Illumined Pleasures is an oil painting produced in 1929 by Spanish painter Salvador Dali.
The size of the painting compared with the level of detail, here it reveals how Salvador Dali managed to compress many things in his canvas, and why he was known as the great talent of miniaturists.
In this painting Illumined Pleasures, Dali’s middlebox was similar to the one used in The Great Mastur:bator and a self-portrayed of himself. On the left-hand side of the painting, there was another box from which a man shoots at a rock. This rock symbolizes as the head of the person from which blood was flowing from the holes that were created by to bullets. The blood flowing from the head and nose symbolizes the fear. Dali’s painting Illumined Pleasures was rather filled with violent images. In the foreground of the painting, the couple seems to be struggling.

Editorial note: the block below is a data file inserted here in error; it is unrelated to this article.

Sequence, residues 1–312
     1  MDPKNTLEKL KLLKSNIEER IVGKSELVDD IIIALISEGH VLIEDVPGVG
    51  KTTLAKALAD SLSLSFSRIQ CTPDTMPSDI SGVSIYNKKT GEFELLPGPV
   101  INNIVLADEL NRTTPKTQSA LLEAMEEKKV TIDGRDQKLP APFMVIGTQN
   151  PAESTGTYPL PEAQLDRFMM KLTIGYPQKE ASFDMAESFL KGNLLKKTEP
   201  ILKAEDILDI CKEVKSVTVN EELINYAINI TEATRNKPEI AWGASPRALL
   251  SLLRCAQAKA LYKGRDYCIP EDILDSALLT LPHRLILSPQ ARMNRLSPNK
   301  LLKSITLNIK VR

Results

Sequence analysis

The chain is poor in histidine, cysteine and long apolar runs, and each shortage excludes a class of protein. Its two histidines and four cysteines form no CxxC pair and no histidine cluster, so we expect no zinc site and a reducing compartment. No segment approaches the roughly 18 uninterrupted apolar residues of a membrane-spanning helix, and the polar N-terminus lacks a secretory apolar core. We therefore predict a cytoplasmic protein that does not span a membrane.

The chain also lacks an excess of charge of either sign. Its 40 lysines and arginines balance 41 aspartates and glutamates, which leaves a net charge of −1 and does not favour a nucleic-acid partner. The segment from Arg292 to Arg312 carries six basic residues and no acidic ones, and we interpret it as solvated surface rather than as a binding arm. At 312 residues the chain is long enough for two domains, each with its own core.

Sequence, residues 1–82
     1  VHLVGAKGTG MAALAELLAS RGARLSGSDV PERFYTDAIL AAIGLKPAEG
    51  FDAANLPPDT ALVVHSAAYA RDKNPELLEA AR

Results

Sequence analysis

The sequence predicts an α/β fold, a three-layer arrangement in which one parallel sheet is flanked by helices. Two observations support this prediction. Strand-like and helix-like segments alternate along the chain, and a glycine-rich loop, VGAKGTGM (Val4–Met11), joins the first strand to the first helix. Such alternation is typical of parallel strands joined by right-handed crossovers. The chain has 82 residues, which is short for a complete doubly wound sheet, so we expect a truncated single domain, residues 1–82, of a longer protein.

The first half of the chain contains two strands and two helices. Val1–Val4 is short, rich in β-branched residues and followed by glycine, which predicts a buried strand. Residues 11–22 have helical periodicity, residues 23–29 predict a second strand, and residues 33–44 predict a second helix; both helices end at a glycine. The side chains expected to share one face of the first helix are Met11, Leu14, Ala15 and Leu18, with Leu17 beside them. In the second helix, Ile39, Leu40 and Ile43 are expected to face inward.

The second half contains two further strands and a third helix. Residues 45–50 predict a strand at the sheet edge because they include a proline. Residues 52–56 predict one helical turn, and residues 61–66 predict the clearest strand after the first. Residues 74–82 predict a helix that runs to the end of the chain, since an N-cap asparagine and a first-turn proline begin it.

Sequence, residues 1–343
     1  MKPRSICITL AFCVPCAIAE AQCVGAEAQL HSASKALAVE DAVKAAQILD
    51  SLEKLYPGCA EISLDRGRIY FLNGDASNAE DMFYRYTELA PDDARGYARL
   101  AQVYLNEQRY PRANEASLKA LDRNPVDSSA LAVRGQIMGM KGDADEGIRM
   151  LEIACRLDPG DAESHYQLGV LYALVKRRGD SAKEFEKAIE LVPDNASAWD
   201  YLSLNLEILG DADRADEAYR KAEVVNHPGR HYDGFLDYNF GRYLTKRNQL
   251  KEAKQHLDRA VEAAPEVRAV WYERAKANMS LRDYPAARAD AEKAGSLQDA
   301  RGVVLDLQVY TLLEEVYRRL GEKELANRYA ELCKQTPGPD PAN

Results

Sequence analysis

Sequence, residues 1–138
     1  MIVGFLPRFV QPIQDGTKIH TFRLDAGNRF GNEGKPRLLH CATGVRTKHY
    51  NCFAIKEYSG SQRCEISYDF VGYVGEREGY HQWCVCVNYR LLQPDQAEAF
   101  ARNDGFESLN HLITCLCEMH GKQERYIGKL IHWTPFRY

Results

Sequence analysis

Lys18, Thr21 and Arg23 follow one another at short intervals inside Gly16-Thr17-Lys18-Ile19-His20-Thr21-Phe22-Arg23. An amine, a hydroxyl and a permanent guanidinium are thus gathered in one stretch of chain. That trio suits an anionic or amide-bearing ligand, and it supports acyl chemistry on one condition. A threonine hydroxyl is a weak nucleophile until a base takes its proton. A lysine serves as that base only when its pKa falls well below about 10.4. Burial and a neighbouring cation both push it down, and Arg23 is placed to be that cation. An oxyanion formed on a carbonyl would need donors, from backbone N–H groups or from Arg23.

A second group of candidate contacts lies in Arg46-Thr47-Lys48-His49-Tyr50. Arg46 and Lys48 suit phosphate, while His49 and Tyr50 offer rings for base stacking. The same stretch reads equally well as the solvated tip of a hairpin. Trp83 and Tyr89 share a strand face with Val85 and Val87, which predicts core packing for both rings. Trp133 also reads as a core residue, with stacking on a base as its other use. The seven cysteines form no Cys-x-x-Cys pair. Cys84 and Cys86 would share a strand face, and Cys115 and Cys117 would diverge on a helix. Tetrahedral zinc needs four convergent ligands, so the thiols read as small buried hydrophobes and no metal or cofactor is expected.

The luminous imagery projected on to the boxes of theater-like structure dominated the painting and its composition such that the title of this picture coincides close to it. Dali had to show a disjunction between the illusion world and the reality which he experienced in the darkness of a theater. The dimensions of the painting Illumined Pleasures were 34.7 x 23.8 cm or 9 3/8 in x 13 3/4 in.
Dali’s head appears through the middle theater shaped like box placed in the middle while universal dreams and anxiety role play below. This scene displays the script of Un Chien Andalou which was being shot and published in La Revolution surrealist later in a journal. Many other Surrealist painters had used these theater shaped like box in their paintings.
The work can be viewed at the Museum of Modern Art, New York, USA